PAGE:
Take it on the chin …

I’m feeling a little cliched this morning, with a semi-bruised ego to complement the full “Monday” effect.  It’s all about writing triumphs and let downs a person feels after distributing their work, indie or otherwise.  I appreciate sincere constructive criticism and fully realize my writing skills can improve.  Growth is a part of the process, along with some skin thickening.  Reading reviews of my book is a little test of fortitude along the way.

Readers’ tastes vary so much, and everyone has an opinion about what they consume.  It’s difficult to be optimistic when the inevitable scathing remarks are posted online, though.  There are always going to be people who point out the flaws and rightfully so.  Professional editing is expensive for an indie writer to pursue.  There are mistakes along the way.  Syntax can remain imperfect and spelling errors are still missed after a hundred re-reads.  I know my skills need sharpening, but I’ll continue to learn.  And improve.  And struggle.  And still feel a twinge of hurt when people don’t like what I write.  But it’s not about me, it’s about what I wrote.  I’m just lucky I could pursue Kindle Direct Publishing.  The year 2011 presented me this opportunity.


I enjoy writing.  The stories reveal themselves to me.  My imagination runs wild with “what ifs,” and I want to share the fictional results.  I hope to take the points readers make about my books and how they’re told and become better at elucidating the story.

What point might readers take away from each one?  It’s easy for me to say there’s no underlying agenda, but critics won’t believe so.  That’s the point of criticism — to judge, from the critic’s point of view, what they like or dislike about a story.  They don’t know my motivation, if any, and can find fault with something I never imagined would be questioned.

My short fiction is not intended as academic findings or projected truisms.  The  stories are not rocket science or particle physics (thank you Howard, Sheldon and Leonard).   They are certainly not remarks about any group of people as a whole.  I would never purposefully stereotype, unless there might be a reason to do just the opposite.  Neither novella up to this point has any underlying psycho-analytic value to it at all!  Different make-believe characters are put together in a sequence of make-believe events.  That’s it.Image

However, I think I’ll always leave a slight air of mystery in future works.  Everything will not be wrapped up with a shiny bow at the end.  That’s not what I like to read about, and I don’t plan to write anything that has a picture-perfect climax either.  I am always asking myself “what if” and want readers to ask themselves the same question.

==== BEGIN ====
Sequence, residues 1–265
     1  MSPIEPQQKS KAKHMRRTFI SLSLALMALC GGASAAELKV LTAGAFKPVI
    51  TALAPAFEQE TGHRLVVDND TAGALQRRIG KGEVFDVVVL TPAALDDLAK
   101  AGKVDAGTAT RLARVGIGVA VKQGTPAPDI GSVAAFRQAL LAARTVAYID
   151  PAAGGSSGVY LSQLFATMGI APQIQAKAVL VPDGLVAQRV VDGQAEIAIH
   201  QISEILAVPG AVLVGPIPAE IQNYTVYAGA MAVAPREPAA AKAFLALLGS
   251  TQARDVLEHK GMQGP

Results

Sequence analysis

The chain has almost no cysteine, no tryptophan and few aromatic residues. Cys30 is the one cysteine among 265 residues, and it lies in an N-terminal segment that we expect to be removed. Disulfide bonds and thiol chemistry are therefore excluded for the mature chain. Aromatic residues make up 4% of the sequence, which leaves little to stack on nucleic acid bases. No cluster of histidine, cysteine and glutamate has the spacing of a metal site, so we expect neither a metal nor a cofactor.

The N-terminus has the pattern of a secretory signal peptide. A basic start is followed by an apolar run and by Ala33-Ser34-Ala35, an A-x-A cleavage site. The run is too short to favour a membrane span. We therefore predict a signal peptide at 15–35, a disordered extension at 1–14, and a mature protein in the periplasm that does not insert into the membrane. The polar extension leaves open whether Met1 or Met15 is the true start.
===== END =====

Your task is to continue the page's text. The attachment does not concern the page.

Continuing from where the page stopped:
That said, independent publishing is new to me.  I put what I write up to scrutiny by going through KDP.  Asking a small fee for my short books means people want what they paid for.  One day I may offer more thorough character development and explanation in a complete full-length novel.  There will still be negativity then, too.  Until that time, I need to toughen up or not read the online reviews.

Accepting criticism, though, is also a part of the process.  Distributing your work unfortunately invites some tough evaluation, and it’s not always pretty.  But I’m learning, and I’m doing my best.  Some readers have liked what I had to say so far.  It’s fun, and I hope somebody else has a little fun with it, too.


  1. Fear Not Adorable Friend. Looks to me like the reviewer is a “career critic” – clearly dissecting your story makes him/her feel superior. I say – “have at it pony boy– and while you’re at it….pass along YOUR books so WE can pull them apart as well.. ” Yes, you are my friend & I’ll always support you Katy…I realize there is a certain amount of criticism that comes with having your “handy work” under the microscope….so embrace it & beware…..how brave you are to publish your work out there & I’m proud to be your friend 🙂

  2. At least it wasn’t a 1-Star rating like I received but without any true explanation at all!!! And I would be more than willing to edit/proofread your next piece for nothing. I am currently offering my services for free for another blogger who is going through Kindle Direct Publisher like we did. It’s easy to be a critic; it’s much harder to be critiqued. You have a great attitude. Keep writing! 🙂

    • I feel your pain, Paula, from having my own three one-star ratings on goodreads with no explanations. It’s almost better to NOT know why they hated it … lol!
      Thank you for offering to help in the editing process. That’s very generous of you. All we can do is keep on plugging, eh?

  3. sigh. this is the travail of every writer. up one day because someone paid us a compliment, down the next because of a harsh critique. it is so hard to get that thick skin you talk about. my advice: always look for truth in the critique so you can improve (if it’s a lengthy review, then maybe even take some notes in your own kind hand so you don’t forget important points) then never read the actual review again. take what you’ve learned and get back to what you loved about what you wrote. reread your work for yourself and enjoy it. chin up! 🙂

    • I totally appreciate your feedback! The reviewers who make good points can help us, as you say, but it makes you wonder why naysayers take such pains to criticize. And you’re right … it’s time to move on to the next work and try to improve the quality of each one. Thanks!

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